Pilots get the spotlight in the aviation industry, but they depend on skilled workers on the ground. Many jobs with the potential for career growth are available to people certified as aviation maintenance technicians (AMT). They perform numerous mechanical functions important for airplane safety. Changing aircraft landing lights is just one example of maintenance duties for people in this trade. These are the lights in the noses and wings of airplanes that illuminate the runway to aid pilots during takeoffs and landings. An AMT in a supervisory role could buy replacement aircraft landing lights from Specialty Bulb.
How To Become An AMT
Adults age 18 or older may attend schools that issue AMT certificates with approval from the Federal Aviation Administration (FAA). Aspiring mechanics must pass written, oral, and practical tests to demonstrate competency in Title 14 of the Code of Federal Regulations (14 CFR) part 65, subpart D, Mechanics.
Alternatives to FAA-approved schools include completing Joint Service Aviation Maintenance Technician Certification Council (JSAMTCC) courses run by the military or obtaining practical knowledge of aviation systems in other real-world settings. Someone who worked under the supervision of an AMT can earn the certification after finishing 18 months of on-the-job experience.
Common AMT Career Paths
An aviation mechanic will start outperforming routine maintenance, like checking aircraft lights and changing aircraft lamps. A good portion of the job entails diagnostics and problem-solving. The reason why a system is failing is not always easy to pin down, which requires collaboration with colleagues who may have more experience.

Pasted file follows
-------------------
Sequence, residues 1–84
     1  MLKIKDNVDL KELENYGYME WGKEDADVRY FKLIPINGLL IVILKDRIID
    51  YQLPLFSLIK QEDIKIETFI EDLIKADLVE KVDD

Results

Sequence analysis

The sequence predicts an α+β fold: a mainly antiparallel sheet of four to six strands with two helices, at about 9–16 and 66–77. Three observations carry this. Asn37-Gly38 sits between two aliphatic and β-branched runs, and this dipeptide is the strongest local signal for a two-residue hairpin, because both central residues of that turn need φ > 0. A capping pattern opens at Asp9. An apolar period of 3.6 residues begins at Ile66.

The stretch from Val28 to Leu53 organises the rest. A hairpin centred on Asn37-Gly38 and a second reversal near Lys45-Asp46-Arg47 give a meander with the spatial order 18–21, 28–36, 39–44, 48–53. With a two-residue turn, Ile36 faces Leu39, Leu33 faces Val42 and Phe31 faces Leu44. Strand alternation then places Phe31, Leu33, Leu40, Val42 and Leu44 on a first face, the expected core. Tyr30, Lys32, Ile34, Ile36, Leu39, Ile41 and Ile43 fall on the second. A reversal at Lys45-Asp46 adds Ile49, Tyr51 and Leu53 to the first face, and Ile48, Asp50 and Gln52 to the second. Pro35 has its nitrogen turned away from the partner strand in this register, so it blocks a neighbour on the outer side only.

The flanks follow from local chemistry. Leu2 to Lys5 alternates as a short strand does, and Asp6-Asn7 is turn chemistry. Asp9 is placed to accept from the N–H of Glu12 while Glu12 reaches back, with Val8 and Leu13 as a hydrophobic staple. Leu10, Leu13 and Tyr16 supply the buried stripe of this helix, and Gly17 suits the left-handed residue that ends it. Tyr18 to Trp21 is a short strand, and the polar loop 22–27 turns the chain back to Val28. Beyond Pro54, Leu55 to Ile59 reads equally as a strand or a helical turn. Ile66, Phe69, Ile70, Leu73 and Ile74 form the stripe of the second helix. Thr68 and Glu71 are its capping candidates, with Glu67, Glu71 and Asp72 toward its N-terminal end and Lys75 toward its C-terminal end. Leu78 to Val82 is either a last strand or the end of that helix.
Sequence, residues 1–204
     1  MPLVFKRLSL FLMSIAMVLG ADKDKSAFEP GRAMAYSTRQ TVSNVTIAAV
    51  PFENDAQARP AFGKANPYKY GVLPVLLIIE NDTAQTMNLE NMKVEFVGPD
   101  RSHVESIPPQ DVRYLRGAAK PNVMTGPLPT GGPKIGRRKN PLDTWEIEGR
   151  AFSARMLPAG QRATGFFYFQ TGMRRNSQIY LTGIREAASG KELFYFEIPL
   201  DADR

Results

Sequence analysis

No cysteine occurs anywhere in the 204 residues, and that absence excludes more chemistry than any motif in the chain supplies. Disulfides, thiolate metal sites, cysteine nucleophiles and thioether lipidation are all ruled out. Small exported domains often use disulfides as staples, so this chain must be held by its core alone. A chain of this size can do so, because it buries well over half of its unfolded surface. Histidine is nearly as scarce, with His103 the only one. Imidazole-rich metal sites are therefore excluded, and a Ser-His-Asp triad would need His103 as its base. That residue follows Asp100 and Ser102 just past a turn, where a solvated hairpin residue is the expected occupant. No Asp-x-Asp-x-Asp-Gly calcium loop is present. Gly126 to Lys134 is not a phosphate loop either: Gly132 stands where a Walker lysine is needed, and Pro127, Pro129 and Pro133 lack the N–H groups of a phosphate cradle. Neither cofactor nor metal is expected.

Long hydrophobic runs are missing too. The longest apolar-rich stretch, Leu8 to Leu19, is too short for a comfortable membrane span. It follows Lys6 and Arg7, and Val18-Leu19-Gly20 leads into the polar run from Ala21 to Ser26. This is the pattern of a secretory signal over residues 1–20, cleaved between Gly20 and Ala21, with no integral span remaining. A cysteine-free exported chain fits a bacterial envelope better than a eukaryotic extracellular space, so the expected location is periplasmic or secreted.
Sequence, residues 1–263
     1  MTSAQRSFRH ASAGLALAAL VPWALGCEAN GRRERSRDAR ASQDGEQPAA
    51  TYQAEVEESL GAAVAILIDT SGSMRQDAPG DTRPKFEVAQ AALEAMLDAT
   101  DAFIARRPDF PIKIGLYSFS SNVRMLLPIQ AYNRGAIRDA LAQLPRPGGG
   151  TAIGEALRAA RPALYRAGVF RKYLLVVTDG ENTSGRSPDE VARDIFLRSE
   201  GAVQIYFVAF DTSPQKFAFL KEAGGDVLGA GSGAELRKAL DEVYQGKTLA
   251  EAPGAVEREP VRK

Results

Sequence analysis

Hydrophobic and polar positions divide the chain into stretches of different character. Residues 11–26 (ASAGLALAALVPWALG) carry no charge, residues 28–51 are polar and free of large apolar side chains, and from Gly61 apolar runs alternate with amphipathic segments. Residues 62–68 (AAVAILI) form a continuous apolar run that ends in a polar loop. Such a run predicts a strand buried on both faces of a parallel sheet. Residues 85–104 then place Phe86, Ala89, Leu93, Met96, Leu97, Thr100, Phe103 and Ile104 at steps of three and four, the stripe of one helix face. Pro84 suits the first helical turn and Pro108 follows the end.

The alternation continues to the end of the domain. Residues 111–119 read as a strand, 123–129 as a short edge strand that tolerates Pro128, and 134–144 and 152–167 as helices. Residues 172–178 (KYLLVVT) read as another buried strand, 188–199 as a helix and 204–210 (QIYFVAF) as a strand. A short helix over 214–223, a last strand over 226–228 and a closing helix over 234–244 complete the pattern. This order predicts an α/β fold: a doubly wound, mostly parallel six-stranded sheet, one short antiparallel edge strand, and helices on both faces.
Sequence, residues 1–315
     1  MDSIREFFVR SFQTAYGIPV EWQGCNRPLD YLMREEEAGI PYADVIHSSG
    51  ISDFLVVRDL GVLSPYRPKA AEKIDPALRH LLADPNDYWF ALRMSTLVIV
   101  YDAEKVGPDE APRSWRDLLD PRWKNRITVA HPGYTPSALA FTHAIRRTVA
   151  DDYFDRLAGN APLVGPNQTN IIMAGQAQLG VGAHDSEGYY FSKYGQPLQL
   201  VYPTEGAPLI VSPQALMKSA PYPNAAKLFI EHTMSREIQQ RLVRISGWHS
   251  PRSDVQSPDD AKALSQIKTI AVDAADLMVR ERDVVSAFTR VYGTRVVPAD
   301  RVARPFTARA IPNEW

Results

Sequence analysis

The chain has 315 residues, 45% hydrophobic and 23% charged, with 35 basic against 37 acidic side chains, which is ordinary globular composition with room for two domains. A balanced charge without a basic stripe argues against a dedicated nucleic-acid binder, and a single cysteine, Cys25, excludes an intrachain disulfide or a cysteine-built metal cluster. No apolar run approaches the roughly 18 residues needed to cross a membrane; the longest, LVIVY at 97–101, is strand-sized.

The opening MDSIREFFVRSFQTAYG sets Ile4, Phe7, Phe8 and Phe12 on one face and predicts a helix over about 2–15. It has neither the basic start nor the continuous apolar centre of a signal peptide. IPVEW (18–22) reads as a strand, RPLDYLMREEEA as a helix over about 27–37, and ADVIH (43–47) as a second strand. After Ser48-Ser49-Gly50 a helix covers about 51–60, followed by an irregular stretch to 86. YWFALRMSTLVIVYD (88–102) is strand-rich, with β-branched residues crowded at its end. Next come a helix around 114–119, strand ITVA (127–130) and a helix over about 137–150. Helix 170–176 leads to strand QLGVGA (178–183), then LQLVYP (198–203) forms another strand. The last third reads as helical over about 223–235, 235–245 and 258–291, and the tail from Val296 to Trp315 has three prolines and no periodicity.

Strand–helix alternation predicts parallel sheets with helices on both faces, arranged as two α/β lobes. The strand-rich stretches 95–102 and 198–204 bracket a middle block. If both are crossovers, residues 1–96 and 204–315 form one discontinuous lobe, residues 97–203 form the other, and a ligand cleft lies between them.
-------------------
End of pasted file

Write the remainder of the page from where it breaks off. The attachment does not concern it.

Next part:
As a person develops skills and specialties, promotion to maintenance control department positions becomes possible. People in this department monitor systems and follow guidelines for replacing parts that become worn out. They are tasked with preventing problems and keeping airplanes in the air.
Due to the critical need for operational fitness within an aviation fleet, AMTs may also ascend to quality assurance and auditing positions. They will oversee maintenance activities to confirm compliance with mechanical standards and simply supply a second set of eyes to keep errors to an absolute minimum.
As people progress with their careers, they may qualify for supervisory and managerial roles. At this level, these professionals attend to many tasks, such as ensuring that new AMTs have proper training, scheduling, and coordination with other departments at an airport. Additionally, they may manage parts ordering and keep critical parts in stock. For example, aircraft light bulbs should be on hand to ensure that aviation lighting is always operational.
Entities That Employ AMTs
Commercial air carriers obviously hire AMTs. The airlines that transport the public represent the largest segment of companies in this category. They operate scheduled flights. A few air carriers specialize in charter flights instead of publicly scheduled air service. At times, AMTs might work within tight turnaround times to keep airplanes flying on time. Other job duties related to routine maintenance would be scheduled ahead of time.
Corporations and other businesses that own or lease their own airplanes or helicopters also employ AMTs. These employers typically have space alongside the commercial air carriers at airports and smaller airfields. Whether an AMT works for an air carrier or a private fleet, the job could involve traveling with the airplanes domestically or internationally.
AMTs uninterested in a position that might involve travel would appreciate jobs at a fix-based operator. These companies are located in proximity to an airport. They provide various services like fueling, aircraft maintenance, or flight instruction. Overall, an airplane mechanic has diverse job opportunities and a chance for advancement.
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